We’ve chosen our favourite festivals to get to by bike, and set out some top tips to help you get there. So whatever music you’re into or festival experience you’re after, the National Cycle Network can help you get there in a fun and sustainable way.
Glastonbury, 21-25 June
Glasto, the biggest and without doubt one of the very best. The site is just a few miles south of National Route 3, which runs between Glastonbury and Wells. As part of the festival’s continued commitment to reducing audience transport CO2 emissions, they encourage people to cycle to the festival.
“ Cycling to a festival is a perfect way to get you in the mood for partying and letting your hair down. It will help you build your stamina if you’re planning to do some serious dancing, save a few pennies on transport and reduce your carbon footprint! ”
Latitude Festival, 13-16 July
This year Latitude Festival returns to Henham Park, Suffolk and as well as offering alternative and leftfield music there is theatre and, back by popoular demand, swimming experiences!
National Route 1 runs a few miles from the festival and runs the length of the country from London up to Scotland.
The Suffolk landscape is pancake-flat for miles around the festival and there are many local train stations if you don’t want to ride the whole way. Our pocket-sized Suffolk cycle map will help guide you directly to your destination.
Secret Garden Party, 20-24 July
Weird and wonderful, the Secret Garden Party is a feast for the senses. Both Route 12 and Route 51 of the National Cycle Network pass close to Abbots Ripton where the festival takes place. It’s a nice flat area so you won’t have to cycle your tent up many hills.
For a map of the cycle routes in the area pick up our cycle map of South Cambridgeshire.
MugStock, 28-30 July
Situated in the stunning grounds of Mugdock Country Park, just 10 miles from Glasgow’s centre, making it an ideal festival to cycle to. Heading north-west out of Glasgow on National Route 754, you can join part of the new ‘Bearsway’ segregated cycle path in Bearsden. Or for those looking for a more adventurous cycle, Route 755 continues on from Route 754 at Kirkintilloch and takes users to within a short distance of the festival site, almost entirely on traffic free roads.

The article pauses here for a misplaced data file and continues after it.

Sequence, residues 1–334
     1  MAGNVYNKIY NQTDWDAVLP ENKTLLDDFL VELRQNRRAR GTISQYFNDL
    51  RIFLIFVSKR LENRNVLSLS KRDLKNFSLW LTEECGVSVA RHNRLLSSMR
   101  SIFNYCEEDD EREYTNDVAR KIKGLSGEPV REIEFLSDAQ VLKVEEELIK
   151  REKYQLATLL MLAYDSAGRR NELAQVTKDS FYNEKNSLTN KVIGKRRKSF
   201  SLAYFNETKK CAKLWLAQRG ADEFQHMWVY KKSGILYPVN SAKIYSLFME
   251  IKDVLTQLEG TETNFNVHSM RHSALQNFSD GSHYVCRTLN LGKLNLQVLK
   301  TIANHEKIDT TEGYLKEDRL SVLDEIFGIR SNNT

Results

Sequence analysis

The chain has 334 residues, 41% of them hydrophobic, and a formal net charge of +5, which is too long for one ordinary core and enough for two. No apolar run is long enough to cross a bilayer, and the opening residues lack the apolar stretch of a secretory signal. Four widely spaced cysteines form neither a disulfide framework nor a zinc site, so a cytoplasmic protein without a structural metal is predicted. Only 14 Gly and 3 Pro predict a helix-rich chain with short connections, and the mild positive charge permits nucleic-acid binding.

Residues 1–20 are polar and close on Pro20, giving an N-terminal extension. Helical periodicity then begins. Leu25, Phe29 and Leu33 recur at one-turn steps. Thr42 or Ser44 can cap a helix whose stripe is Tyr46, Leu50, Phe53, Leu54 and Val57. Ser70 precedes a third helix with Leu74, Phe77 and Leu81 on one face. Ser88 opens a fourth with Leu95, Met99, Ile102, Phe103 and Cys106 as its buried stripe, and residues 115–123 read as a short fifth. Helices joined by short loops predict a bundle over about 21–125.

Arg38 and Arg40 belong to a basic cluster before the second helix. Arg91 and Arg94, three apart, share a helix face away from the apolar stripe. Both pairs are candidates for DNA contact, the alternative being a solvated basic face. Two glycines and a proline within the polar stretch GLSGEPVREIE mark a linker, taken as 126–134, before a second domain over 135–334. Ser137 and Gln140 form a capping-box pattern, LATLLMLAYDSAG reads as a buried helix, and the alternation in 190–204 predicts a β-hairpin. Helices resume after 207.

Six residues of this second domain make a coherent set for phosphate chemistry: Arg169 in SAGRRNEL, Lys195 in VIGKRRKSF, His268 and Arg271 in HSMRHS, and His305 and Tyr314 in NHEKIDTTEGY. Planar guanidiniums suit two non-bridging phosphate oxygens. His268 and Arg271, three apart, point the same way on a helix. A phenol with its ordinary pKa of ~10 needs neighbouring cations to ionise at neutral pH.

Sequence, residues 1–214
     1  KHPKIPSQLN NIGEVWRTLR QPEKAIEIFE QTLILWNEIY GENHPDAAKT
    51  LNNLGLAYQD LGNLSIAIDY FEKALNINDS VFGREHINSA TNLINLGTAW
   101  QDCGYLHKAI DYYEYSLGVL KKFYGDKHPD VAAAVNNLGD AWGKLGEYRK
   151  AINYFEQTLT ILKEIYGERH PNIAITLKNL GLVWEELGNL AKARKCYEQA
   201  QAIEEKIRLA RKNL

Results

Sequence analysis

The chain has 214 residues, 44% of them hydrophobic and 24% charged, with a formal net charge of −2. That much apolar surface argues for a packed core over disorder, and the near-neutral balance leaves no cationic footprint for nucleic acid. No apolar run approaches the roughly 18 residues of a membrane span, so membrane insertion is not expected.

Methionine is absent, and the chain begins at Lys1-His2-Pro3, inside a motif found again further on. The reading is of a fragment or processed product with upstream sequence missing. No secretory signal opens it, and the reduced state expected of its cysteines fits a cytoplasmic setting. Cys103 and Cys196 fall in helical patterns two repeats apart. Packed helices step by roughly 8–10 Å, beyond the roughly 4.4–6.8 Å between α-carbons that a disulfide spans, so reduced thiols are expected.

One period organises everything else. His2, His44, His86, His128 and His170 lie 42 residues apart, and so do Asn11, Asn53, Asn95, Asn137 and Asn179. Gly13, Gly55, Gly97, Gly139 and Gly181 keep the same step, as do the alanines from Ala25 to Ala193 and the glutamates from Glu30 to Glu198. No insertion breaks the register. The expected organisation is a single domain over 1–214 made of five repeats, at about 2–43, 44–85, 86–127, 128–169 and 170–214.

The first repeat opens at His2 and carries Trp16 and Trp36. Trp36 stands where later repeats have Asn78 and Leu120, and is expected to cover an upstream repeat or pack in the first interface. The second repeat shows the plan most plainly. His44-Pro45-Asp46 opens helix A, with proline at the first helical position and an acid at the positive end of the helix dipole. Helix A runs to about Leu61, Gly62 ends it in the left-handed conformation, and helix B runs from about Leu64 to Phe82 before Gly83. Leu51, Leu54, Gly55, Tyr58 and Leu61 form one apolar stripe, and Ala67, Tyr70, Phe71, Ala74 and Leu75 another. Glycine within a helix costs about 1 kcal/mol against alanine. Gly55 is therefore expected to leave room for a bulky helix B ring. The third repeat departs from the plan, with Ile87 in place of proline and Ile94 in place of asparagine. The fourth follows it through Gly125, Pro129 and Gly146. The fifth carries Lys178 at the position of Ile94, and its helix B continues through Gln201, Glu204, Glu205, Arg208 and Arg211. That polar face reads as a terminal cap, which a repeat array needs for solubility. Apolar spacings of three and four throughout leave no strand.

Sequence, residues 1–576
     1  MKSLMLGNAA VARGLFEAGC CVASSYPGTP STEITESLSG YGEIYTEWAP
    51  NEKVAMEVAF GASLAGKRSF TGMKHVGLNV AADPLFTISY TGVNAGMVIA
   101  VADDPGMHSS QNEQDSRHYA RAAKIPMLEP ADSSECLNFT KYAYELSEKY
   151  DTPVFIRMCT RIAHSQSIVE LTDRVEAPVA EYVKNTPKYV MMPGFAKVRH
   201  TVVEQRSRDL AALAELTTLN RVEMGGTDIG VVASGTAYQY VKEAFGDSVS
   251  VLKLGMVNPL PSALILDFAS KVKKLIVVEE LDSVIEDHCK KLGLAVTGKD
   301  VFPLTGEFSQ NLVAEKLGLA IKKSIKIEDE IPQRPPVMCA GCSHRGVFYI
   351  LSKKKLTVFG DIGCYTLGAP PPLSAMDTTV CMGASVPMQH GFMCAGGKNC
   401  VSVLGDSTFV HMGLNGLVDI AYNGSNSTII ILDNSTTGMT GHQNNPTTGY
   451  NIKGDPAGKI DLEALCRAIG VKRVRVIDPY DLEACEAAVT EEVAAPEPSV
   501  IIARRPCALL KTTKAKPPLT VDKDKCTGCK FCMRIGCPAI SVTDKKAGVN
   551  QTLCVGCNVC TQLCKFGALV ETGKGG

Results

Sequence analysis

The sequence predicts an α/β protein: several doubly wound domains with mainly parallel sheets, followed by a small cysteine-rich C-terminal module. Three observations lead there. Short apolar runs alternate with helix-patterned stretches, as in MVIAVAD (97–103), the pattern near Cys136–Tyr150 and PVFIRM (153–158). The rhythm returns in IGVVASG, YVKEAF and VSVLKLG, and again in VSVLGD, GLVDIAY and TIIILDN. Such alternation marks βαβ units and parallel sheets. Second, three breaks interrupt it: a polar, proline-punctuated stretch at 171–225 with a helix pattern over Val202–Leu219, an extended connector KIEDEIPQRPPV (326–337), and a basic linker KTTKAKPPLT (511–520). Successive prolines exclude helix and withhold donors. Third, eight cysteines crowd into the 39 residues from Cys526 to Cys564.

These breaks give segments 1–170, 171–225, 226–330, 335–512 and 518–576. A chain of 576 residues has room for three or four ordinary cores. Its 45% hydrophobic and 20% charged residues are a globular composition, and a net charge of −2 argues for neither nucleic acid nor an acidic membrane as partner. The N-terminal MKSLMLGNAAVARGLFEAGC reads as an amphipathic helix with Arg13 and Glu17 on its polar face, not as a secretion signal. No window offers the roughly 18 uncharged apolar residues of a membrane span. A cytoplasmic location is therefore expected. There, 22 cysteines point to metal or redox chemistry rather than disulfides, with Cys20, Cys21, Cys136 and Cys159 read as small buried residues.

Our Glasgow cycle map is ideal for finding your way out of the city for the weekend.
Green Man Festival, 17-20 August
The beautiful Monmouthshire and Brecon Canal cycle path passes within a few miles of the festival site. The canal links with Route 8 which connects Cardiff and Brecon and then country lanes through Mid Wales, following the course of the River Wye.
Our Celtic Trail cycle map is ideal for navigating your way to Green Man Festival.
Shamabala, 24-27 August
One of the best, magical festivals around with an eclectic line up and loads to entertain adults and kids alike. If you are planning on using the National Cycle Network to reach the Shambala site, Route 6 will take you within a few miles of all the fun! Further information on how to get to the site is available on their website.
Want to take a map with you on your journey to Shambala? Our Warwickshire & the South Midlands cycle map has got you covered.
Our top 5 tips for cycling to festivals
1. Check out the travel information for the festival
This may sound obvious, but many UK festivals want to help people to cycle. Some have bike lockers on site, supported cycling trips, and hot showers on arrival at the festival. There are also organised group rides you can join for some of the larger festivals.
2. Pack light
Again, if you’re a regular festival attendee this won’t be a revelation to you, but it’s even more important if you plan on cycling. Invest in some panniers – they keep your luggage out of the way and also keep your bike evenly balanced. Roll your clothes to make them smaller – you’ll be surprised how much you can fit in!
3. Plan your route
You don’t want to head off with good intentions, only to rock up late and miss your favourite band because you’ve been lost down country lanes.
Make sure you know where you’re going before you set off. We have printed cycle maps for the areas around all of these festivals available from our online shop.
4. Pace yourself
If you’re not an experienced cyclist don’t push yourself physically before a big weekend. Make sure you have plenty of time to get to the site – with lots of stops and hearty grub on the way.
If you’re making a long cycle trip of it and want a comfy bed and a shower a night or two before, find cycle friendly places to stay.
5. Do it with friends
Cycling with a big group of friends makes it a real adventure. Why not get a bunch of friends together and turn the journey into a pre-festival holiday?